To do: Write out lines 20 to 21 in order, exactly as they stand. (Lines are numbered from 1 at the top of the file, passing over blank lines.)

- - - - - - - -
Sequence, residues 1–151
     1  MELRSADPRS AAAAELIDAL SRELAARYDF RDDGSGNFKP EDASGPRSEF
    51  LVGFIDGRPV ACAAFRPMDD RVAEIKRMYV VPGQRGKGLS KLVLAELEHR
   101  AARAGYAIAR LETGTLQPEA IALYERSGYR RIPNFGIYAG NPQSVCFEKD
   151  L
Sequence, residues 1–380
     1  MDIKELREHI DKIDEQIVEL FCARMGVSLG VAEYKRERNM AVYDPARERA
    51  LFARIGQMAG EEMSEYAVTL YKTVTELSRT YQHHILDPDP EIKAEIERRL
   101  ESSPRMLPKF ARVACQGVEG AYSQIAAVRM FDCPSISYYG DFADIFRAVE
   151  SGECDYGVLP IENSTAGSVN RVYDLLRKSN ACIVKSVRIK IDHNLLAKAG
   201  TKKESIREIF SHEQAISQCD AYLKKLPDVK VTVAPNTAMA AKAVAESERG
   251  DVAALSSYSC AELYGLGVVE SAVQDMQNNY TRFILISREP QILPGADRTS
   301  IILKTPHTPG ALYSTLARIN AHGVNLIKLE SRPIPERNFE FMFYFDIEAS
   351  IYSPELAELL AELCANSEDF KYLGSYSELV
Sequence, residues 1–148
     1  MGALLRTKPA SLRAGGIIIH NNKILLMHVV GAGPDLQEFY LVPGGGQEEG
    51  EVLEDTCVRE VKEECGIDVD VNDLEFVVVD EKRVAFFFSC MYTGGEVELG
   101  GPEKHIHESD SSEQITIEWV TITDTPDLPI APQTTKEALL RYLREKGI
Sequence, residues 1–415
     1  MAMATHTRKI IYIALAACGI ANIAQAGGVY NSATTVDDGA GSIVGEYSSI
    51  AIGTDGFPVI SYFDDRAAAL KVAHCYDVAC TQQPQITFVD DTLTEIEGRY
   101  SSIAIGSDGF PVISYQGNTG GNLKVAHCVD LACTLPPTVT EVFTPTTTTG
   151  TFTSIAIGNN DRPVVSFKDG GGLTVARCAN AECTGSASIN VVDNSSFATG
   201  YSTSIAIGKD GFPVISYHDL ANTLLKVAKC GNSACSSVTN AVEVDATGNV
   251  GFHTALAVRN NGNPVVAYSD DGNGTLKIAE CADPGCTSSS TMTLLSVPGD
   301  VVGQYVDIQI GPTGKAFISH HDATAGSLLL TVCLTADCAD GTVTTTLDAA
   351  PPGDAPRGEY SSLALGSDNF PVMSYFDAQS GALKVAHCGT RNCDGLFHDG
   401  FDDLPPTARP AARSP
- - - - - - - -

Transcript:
     1  MAMATHTRKI IYIALAACGI ANIAQAGGVY NSATTVDDGA GSIVGEYSSI
    51  AIGTDGFPVI SYFDDRAAAL KVAHCYDVAC TQQPQITFVD DTLTEIEGRY